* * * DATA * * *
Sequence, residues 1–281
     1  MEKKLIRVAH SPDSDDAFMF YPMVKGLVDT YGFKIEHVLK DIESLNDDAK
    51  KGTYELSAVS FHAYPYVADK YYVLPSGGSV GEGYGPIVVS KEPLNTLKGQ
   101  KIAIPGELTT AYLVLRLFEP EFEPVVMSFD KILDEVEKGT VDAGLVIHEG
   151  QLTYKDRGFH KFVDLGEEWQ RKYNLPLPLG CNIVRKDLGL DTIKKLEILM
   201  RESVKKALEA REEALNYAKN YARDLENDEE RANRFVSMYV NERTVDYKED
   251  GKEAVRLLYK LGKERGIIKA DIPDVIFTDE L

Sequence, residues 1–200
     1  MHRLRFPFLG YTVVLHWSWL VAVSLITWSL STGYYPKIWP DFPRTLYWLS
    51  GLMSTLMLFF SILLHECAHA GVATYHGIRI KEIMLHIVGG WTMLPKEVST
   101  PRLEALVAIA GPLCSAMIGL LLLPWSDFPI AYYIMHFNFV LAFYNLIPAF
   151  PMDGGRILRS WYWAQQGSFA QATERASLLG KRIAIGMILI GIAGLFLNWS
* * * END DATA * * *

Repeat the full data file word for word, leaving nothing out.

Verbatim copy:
Sequence, residues 1–281
     1  MEKKLIRVAH SPDSDDAFMF YPMVKGLVDT YGFKIEHVLK DIESLNDDAK
    51  KGTYELSAVS FHAYPYVADK YYVLPSGGSV GEGYGPIVVS KEPLNTLKGQ
   101  KIAIPGELTT AYLVLRLFEP EFEPVVMSFD KILDEVEKGT VDAGLVIHEG
   151  QLTYKDRGFH KFVDLGEEWQ RKYNLPLPLG CNIVRKDLGL DTIKKLEILM
   201  RESVKKALEA REEALNYAKN YARDLENDEE RANRFVSMYV NERTVDYKED
   251  GKEAVRLLYK LGKERGIIKA DIPDVIFTDE L

Sequence, residues 1–200
     1  MHRLRFPFLG YTVVLHWSWL VAVSLITWSL STGYYPKIWP DFPRTLYWLS
    51  GLMSTLMLFF SILLHECAHA GVATYHGIRI KEIMLHIVGG WTMLPKEVST
   101  PRLEALVAIA GPLCSAMIGL LLLPWSDFPI AYYIMHFNFV LAFYNLIPAF
   151  PMDGGRILRS WYWAQQGSFA QATERASLLG KRIAIGMILI GIAGLFLNWS